Ski train to Huntsville, Ontario, 1930s.
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- Ski train to Huntsville, Ontario, 1930s.
- From Huntsville With Spirit and Resolve by Susan Pryke, c2000.
"Seeing that people were willing to go to great effort and expense to sample the delights of a winter holiday, Mayor J. Frank Kelly announced in February 1932 that council must "set to work immediately to provide winter recreation facilities in Memorial Park". Kelly's promotion of winter sports put Huntsville in the forefront of tourist endeavors for the next two decades. With the assistance of the innovative Huntsville Ski Club, Kelly transformed Huntsville into a storybook winter town. Rows of evergreen trees sprouted along the main street. Coloured lights twinkled above the snow banks. A St, Bernard dog pulled sleighs of tourists from the train station to the downtown stores. the entire atmosphere, down to the socks of the people's feet, was orchestrated to promote a carnival theme. Photographers could not resist snapping pictures of Kelly himself in his flaming red ski jacket and peaked cap.
In march 1932 the Huntsville Ski Club, formed in February 1932, invited Greg Clarke to join them for a ski excursion. Regarded as "one of the best known and beloved journalists in Ontario", Clarke spoke with enthusiasm about Huntsville's potential to become a ski mecca. He said Lake Placid had similar beginnings. He encouraged the townsfolk to do what Lake Placid had done to create a centre for winter tourism.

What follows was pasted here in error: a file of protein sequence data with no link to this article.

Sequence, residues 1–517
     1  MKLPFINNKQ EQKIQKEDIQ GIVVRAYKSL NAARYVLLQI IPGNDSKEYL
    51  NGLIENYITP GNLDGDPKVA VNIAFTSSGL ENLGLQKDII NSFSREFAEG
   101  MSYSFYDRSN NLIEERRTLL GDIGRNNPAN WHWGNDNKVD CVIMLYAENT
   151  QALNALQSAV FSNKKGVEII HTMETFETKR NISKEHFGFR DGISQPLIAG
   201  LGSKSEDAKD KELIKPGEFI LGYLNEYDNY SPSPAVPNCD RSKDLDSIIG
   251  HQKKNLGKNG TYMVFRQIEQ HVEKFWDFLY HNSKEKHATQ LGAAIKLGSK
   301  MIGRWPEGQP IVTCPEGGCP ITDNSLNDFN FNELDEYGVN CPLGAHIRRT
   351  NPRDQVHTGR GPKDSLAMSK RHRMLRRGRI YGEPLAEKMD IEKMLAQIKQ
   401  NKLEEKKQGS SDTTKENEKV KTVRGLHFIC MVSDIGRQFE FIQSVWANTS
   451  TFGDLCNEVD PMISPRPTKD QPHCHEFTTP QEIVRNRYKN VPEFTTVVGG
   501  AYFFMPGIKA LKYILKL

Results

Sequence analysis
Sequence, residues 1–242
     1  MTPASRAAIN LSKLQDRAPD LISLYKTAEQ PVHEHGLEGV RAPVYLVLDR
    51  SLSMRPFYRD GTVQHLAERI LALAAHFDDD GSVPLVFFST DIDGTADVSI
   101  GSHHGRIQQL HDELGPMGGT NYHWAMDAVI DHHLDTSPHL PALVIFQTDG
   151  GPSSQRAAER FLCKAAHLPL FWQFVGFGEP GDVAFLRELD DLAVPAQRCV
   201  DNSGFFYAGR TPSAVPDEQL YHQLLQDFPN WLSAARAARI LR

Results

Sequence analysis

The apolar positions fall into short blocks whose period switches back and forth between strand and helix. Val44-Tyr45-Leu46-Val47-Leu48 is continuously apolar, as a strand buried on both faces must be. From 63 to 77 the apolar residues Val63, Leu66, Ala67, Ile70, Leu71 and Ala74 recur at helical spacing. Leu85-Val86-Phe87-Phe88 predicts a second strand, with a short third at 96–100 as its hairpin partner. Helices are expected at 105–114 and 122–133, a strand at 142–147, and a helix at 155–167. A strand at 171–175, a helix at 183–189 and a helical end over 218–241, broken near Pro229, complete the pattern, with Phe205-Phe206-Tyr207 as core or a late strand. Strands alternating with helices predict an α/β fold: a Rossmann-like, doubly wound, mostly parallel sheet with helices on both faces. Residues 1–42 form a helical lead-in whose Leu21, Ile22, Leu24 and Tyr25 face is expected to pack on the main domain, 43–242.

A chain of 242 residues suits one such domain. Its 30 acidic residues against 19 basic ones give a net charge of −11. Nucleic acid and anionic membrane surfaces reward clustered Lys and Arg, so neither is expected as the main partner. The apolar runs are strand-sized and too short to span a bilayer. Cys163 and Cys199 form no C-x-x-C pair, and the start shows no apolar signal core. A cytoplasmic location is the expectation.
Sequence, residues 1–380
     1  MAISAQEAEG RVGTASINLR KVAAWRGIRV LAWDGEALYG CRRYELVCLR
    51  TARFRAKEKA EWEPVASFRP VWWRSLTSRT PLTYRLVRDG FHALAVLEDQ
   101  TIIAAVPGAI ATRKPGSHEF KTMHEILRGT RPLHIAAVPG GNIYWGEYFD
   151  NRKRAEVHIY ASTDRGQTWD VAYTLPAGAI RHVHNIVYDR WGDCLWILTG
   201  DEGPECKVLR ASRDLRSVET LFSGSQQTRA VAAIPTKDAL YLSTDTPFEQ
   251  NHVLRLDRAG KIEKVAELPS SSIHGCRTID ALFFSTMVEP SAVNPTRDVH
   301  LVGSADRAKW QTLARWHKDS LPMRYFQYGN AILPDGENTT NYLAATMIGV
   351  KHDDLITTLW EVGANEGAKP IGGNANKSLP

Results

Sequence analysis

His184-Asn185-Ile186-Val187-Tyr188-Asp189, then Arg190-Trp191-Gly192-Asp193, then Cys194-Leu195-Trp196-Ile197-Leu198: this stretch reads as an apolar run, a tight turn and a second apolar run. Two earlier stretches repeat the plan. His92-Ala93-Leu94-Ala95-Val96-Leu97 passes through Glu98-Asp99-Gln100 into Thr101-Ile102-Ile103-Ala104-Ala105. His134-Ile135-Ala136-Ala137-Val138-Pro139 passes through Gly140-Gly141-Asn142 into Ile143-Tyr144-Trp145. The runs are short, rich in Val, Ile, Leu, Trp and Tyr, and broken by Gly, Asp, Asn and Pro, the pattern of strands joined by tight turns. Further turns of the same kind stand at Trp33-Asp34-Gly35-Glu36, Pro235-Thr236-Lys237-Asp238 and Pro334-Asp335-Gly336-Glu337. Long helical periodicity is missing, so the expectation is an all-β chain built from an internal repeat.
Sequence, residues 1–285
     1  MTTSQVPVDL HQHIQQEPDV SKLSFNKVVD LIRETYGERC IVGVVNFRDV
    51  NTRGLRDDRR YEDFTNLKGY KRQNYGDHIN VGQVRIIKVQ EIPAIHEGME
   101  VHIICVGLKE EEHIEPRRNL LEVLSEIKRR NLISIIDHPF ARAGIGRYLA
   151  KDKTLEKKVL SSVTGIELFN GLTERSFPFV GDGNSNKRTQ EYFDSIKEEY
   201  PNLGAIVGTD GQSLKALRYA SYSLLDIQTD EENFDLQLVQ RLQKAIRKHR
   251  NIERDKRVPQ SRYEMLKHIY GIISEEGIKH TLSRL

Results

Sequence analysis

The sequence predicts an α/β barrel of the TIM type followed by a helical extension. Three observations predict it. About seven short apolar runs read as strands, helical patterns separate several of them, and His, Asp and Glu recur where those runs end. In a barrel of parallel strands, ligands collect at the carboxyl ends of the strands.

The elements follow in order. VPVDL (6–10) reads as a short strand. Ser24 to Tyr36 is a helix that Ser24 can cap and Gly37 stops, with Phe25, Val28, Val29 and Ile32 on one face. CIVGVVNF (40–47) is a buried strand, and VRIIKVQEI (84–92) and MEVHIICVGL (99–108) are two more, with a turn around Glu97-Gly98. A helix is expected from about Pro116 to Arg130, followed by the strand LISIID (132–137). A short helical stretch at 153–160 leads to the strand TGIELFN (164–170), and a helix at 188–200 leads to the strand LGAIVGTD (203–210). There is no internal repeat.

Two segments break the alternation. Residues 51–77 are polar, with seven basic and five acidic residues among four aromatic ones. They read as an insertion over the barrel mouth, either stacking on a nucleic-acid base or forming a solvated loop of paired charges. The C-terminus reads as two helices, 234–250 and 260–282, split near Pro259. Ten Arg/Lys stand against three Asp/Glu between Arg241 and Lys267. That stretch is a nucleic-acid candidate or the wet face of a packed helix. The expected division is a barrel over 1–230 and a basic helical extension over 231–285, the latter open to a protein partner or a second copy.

The Board of Trade and the ski club set to work on a promotion campaign with the cooperation of the Canadian National Railway, which had agreed to run "cent a mile" ski trains to Huntsville for the winter season.
in mid-January 1933, Huntsville hosted its first winter carnival...A special ski train, with reduced fares, whisked the skiers north. The townsfolk met the visitors at the station and led them by a torchlight parade to the town hall. Here they registered for events and sorted out their lodgings. But few of them went to bed. They returned to the town hall auditorium for a jamboree and danced until 3 a.m. Then followed two days of skiing excursions, slalom races at Stevens Hill (near the main highway south of town), and other festivities, including an energetic "moccasin dance" on the ice at the arena.
Huntsville repeated the performance in following years, and eventually held three winter carnivals a season.
By the late 1930s the CNR ran six ski trains a season, with cut-rate fares subsidized by the towns of Gravenhurst, Bracebridge, and Huntsville. Huntsville's Sunday Ski events had become so popular that religious leaders began to worry that the Sabbath was not being kept properly. In March 1941 the heads of the Protestant churches took their complaint to the provincial legislature where they tabled a petition against Sunday ski trains.
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Latitude: 45.33341 Longitude: -79.21632
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- Huntsville Public LibraryEmail
Agency street/mail address7 Minerva St. E.
Huntsville, ON P1H1W4